The day god went missing again,
we made cake from cornmeal and sea salt,
yellow grit sticking to our palms
like a psalm felt instead of read.
I can’t overhear another statistic
about the prison system
because all I see is my father in his cell,
khaki drab and tunnel vision.
I wanted him here in our home state,
a dark North Star
guiding me home in the black web of trains
I ride underground in a city he can’t stand.
It’s too loud, too cold, too full of people
who don’t pay attention,
refused him the fame he sought.
Once he asked why I left San Francisco—
clear ocean, 90-degree hills, better burritos;
I couldn’t tell him there were nephews,
how I missed
the jangle of my mother’s bracelets,
the feeling I get now when the plane lands
and I am back in New York,
where they don’t see me
if I don’t want to be seen,
because home is an abstraction,
like sheet music without a sheet,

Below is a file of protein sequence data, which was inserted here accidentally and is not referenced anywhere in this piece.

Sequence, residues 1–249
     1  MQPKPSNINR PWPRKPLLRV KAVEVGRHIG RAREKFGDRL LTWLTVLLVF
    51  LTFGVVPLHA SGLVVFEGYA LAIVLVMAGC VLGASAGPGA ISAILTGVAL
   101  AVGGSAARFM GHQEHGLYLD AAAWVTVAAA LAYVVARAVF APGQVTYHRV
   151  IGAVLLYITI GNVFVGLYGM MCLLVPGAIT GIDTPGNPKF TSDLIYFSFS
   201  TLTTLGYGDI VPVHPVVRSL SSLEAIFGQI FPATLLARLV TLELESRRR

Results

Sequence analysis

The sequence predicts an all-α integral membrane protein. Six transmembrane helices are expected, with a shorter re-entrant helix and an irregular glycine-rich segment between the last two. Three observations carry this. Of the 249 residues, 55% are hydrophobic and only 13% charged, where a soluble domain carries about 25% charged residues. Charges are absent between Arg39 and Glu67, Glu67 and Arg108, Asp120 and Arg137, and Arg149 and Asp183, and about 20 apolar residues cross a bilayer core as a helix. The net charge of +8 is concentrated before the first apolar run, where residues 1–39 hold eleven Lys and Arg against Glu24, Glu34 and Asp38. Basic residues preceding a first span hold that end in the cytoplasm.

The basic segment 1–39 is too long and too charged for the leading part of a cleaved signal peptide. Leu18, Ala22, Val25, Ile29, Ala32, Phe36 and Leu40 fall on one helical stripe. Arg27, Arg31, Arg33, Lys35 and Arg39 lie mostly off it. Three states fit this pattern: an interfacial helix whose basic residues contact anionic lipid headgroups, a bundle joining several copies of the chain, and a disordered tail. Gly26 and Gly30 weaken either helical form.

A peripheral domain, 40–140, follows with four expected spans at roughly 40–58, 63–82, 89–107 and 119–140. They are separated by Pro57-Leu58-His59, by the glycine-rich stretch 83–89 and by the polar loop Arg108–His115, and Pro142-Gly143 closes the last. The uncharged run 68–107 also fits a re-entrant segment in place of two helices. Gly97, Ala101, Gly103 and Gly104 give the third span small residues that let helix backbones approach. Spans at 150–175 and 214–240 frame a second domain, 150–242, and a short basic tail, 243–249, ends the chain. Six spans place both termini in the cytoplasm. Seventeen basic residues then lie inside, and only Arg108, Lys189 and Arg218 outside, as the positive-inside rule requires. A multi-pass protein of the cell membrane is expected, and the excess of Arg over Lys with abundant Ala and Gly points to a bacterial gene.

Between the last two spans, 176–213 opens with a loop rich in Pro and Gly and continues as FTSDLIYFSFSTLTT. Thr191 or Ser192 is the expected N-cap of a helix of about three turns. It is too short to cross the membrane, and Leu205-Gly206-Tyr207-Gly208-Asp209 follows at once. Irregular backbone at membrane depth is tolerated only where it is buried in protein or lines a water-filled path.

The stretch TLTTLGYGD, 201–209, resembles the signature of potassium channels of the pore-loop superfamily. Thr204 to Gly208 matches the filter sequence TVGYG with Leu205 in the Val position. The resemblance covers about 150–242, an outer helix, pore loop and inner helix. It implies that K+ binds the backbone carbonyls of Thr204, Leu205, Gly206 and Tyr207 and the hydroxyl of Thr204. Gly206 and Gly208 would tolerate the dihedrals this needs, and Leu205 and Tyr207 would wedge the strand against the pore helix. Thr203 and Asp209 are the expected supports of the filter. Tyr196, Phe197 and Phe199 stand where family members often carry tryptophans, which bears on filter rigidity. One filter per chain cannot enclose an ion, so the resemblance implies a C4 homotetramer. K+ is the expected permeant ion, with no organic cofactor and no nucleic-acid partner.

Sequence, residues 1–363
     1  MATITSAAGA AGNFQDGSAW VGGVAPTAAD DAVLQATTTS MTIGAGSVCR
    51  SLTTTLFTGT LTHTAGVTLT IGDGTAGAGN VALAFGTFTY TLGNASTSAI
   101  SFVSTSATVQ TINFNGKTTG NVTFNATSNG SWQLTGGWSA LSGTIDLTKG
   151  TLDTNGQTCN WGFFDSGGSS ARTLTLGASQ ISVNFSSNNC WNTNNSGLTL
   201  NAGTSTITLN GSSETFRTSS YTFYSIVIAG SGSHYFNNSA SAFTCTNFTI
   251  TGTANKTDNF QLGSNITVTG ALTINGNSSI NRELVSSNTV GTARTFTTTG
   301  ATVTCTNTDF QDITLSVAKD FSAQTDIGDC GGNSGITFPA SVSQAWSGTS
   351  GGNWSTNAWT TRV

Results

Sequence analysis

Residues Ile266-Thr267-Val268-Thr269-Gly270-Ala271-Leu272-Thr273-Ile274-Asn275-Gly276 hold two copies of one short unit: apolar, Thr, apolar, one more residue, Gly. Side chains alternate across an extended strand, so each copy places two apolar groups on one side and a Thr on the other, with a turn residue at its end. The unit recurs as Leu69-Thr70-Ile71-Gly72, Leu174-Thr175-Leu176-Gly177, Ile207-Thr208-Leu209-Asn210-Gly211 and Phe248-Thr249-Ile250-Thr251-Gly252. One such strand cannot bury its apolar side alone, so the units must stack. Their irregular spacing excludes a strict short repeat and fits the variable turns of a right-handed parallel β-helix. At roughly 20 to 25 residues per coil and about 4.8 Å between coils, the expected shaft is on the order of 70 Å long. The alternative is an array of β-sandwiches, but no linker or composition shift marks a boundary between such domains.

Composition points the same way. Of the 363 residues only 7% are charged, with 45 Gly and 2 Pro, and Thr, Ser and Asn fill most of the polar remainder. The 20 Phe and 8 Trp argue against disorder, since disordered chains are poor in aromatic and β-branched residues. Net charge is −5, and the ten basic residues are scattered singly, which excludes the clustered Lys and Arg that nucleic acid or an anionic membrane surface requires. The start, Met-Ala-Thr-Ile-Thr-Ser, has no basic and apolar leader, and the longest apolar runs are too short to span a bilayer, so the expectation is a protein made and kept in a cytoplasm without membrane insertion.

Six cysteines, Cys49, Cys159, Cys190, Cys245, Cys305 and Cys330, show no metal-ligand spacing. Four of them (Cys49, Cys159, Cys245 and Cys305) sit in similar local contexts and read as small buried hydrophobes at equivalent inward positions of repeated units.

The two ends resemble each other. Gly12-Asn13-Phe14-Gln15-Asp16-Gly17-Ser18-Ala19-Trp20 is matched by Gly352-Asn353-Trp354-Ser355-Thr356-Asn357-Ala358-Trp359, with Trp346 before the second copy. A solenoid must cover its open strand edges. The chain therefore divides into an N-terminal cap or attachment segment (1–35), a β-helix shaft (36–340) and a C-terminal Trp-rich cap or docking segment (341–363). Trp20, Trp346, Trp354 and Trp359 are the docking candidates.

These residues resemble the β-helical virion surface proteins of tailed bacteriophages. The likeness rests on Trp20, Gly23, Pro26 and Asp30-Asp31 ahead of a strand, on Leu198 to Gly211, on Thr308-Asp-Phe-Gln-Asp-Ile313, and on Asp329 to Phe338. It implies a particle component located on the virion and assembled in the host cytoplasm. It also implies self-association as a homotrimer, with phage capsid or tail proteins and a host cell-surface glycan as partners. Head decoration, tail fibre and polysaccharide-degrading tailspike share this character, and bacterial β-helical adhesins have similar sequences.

and my calculator doesn’t do long division
but I know it’s been years
since we plucked guitar strings
at his house with its wind chimes,
its sliding back door, all his breakable things.
Jiordan Castle reads “Disappearing Act”
Jiordan Castle is an MFA candidate in poetry at Hunter College in New York City, where she lives with a pug named Hacksaw. Her work has appeared in Bitterzoet Magazine, Palaver, Verdad, Potluck Mag, Brain Mill Press, Tell Us a Story, and elsewhere online and in print. She is a regular contributor to the LA-based quarterly food and culture print magazine Compound Butter. You can find her at jiordancastle.com.
Cagibi Issue 4
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